Marisa Boyd

By Mike Richards

October 16, 2017

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Marisa Boyd’s practice emanates in multiple directions from her central practice: the creation of shapes and texture through physical gestures and/or blind contour drawing. Her studio is strewn with strange, beguiling, gesture-scrawled drawings (many in monochrome or earth-tone colors) and items which suggest similar movements and shapes. Her unique shapes are mostly created with paper and pen or pencil, then enlarged and transferred to other media, including oil-painted canvas or MDF, or cut out from thin board which is then painted, scraped, marked or otherwise distressed. She experiments constantly with materials so the configurations are prone to changing. For example, a vein of work she is pursuing has to do with the biting of paper, which creates specific indentations and shapes in the teeth-torn paper. The constant among these pursuits is an interplay between material texture and fascination with the identity of shapes. Having her eyes closed while producing the shape-gesture drawings, she is operating from spontaneous bodily impulse and chance. It's improvisational and immediate. She is attuned to subtleties of texture and shape, and intuitively seeks to connect her body to the drama of surface grain, grooves and contours. The blind drawing aspect of her practice appears to fulfill some portion of this need for direct connection, as she is able to feel shapes through the movements of her utensils across the paper. The experienced movement and resulting shape work together to generate information used to create larger pieces cut from wood or rendered on canvas or assemblage. The work with biting also fulfills the impulse for direct and deeper connection to the rendered shape.

She regards the small drawings she uses to source shapes and gestures from as more significant than the larger works done in wood or canvas, as they are veritably the parents of any larger works. Being pulled from the small blind drawings, there is less of a chance quotient in the larger pieces. The more calculated nature of the larger pieces is made up for by other intuitive, spontaneous actions such as scraping, stabbing, tearing or other methods. These methods of injecting spontaneity are all notably related to bodily movements.

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She works a little bit every day, aiming for three hours. Other than the aforementioned practices of extrapolating bodily movements into larger works, this consistency is the other central aspect of her creation habits. She is continually pushing toward the most effective implementation and combination of these methods. Without this constant pressure she would find it very hard to get to the bottom of her fascination with the physical experiences and the imprints she records in her work. She seems to always be trying new approaches and combinations of approach to gauge their impact on both herself and her audience.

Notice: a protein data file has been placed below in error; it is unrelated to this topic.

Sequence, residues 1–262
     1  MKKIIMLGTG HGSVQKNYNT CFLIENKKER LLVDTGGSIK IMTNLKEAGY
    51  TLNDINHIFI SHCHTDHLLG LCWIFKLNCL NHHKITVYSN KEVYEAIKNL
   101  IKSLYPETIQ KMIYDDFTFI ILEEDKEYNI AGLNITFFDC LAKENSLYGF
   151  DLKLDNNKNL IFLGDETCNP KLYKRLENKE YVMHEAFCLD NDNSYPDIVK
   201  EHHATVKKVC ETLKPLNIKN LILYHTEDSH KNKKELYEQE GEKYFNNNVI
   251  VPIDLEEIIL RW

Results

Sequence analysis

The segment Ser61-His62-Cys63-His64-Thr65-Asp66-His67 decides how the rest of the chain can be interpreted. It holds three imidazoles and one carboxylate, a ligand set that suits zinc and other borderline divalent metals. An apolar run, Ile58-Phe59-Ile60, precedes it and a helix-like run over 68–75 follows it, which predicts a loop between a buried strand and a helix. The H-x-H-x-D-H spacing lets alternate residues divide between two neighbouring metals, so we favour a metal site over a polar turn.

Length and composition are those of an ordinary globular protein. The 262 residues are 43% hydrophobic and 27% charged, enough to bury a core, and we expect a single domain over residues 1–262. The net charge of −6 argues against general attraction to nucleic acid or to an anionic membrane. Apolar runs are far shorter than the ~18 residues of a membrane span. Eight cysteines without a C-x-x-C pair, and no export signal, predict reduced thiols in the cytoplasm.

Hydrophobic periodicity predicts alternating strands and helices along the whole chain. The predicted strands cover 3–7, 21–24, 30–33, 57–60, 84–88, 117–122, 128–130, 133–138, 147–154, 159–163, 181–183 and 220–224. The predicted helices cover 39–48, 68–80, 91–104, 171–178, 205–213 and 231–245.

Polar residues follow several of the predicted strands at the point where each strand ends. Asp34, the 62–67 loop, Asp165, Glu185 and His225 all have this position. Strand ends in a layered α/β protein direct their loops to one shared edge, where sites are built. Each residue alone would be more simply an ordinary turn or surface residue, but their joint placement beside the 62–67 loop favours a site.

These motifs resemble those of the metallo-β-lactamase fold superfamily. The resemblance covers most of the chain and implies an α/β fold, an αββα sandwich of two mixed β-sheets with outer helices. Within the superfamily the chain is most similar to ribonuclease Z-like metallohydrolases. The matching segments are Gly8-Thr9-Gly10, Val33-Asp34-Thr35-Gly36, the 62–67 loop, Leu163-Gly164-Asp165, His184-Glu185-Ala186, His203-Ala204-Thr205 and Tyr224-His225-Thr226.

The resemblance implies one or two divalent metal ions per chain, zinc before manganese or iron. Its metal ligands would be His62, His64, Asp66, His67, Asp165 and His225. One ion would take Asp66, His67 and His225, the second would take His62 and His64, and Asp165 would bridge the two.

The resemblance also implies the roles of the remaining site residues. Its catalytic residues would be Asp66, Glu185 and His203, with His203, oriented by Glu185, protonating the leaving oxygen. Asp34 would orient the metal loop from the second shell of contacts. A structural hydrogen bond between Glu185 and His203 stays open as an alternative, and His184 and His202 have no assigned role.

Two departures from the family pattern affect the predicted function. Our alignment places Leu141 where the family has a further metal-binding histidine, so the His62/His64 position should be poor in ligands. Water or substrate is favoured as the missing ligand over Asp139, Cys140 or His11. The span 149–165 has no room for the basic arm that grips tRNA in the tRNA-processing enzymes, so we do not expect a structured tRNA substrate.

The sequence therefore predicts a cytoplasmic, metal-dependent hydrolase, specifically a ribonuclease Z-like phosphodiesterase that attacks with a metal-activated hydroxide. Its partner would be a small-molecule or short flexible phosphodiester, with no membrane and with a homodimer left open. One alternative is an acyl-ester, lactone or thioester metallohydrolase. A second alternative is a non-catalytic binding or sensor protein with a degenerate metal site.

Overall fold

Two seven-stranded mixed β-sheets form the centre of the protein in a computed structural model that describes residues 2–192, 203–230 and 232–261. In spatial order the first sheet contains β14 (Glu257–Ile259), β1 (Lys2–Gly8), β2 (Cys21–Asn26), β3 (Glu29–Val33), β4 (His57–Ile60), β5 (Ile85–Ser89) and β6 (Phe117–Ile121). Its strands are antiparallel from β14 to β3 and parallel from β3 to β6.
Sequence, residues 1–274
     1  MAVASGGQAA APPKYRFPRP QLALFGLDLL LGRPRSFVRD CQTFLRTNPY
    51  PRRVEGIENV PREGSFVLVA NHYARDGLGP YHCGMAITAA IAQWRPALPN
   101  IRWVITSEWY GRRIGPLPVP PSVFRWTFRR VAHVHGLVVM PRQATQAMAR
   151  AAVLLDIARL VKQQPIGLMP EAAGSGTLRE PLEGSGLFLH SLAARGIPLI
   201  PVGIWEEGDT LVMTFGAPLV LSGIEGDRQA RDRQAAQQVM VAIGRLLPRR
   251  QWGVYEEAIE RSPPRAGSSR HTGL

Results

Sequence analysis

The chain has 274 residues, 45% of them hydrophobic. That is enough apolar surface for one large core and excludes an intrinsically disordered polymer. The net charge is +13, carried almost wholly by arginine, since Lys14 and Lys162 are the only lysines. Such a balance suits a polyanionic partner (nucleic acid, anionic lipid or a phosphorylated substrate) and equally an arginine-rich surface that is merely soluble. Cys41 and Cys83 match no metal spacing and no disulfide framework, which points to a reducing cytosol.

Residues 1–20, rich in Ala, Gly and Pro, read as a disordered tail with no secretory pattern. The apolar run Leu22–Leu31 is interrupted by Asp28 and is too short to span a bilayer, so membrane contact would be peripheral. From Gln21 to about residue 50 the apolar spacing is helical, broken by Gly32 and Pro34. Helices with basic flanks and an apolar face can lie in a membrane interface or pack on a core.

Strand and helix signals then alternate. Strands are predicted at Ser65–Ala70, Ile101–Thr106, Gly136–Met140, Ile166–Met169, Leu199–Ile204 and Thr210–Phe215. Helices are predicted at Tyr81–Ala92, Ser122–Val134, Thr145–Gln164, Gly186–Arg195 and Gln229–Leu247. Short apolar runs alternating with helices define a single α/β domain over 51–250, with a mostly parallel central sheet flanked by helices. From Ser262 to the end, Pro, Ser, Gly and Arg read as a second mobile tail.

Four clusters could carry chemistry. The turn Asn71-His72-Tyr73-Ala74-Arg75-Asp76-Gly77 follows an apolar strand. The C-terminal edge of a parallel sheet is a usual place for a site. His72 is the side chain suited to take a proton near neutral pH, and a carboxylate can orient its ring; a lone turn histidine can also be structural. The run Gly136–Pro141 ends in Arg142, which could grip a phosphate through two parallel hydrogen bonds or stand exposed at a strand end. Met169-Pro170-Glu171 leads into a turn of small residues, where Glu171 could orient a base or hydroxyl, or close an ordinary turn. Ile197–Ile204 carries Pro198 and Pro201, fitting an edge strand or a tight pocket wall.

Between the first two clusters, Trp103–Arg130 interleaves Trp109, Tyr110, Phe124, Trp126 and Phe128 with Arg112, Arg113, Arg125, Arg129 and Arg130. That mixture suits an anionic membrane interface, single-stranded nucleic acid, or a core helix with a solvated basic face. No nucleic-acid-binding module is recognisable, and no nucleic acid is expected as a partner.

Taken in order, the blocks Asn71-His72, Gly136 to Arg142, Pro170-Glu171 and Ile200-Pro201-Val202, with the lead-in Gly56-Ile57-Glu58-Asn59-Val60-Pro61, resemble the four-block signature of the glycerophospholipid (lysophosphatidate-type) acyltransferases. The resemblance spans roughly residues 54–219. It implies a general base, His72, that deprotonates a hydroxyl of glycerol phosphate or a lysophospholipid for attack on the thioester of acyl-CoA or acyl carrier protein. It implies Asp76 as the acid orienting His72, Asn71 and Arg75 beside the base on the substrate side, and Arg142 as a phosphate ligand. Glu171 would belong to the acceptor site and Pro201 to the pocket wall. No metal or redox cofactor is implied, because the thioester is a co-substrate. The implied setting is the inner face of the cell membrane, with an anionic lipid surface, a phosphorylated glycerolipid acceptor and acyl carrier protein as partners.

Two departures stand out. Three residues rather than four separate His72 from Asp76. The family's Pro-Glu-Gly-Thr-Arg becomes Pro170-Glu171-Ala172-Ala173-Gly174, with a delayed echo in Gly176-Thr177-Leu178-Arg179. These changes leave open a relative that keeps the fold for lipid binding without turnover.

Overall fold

When discussing a highly textured monochrome piece done in whites and grays, built out of a stretched canvas with smaller different-sized distressed scraps of canvas, she refers to the piece as “quiet” despite its rampant texture. Biting or moving the body is a quiet activity, but can be felt with great intensity, especially when great attention is paid to the experience. The experience of Marisa's work (as I perceived it during my visit) is internal and intuitive. It is something to be read into, contemplated and felt--not something that aggressively proclaims itself or forces itself onto the viewer. In that way, it’s absolutely correct to refer to her work in general as “quiet.” In terms of texture though, it tends to explode with detail from all angles. The tiny indentations, scratches, and other markings, to me, evoke thoughts of histories somehow contained in or described by these works; past events, travels, spans of time. Marisa’s works display textures in ways that remind of the way cherished artifacts build up dust and scratches. The markings bring me to think of where something might have been, who might have owned it, what it has or hasn’t been through.

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She discusses at one point her complicated feelings toward using paint, as paint tends to be made using synthetic materials and pigments. She is using oil paints at present to mitigate the “fake”-ness of paints containing plastics or other manufactured chemical ingredients. To Boyd, the naturalness of surfaces and ingredients in rendered works is, to some extent, equivalent to honesty. This makes sense in relation to the way she generates and applies shape and texture; there is as little mediation as possible. The immediacy of her mark-making echoes the immediacy--the naturalness or honesty--she desires in materials.

Speculating on what post-graduation life as an artist-at-large will be like, she says she will be consistently applying to shows and residencies in order to push herself to keep making. Submission deadlines will serve as due dates for her to keep producing new work. She also mentions that it’s extremely hard to make anything truly new or unique, and the desire to achieve something on that order pushes her to keep moving forward in her work. High personal standards also inspire her to keep working hard to develop ideas and techniques. She speaks of being uncomfortable with her work due to the various imperfections she perceives in finished projects. With continued effort she seeks to diminish this discomfort as she refines her practice.

Images courtesy of the artist.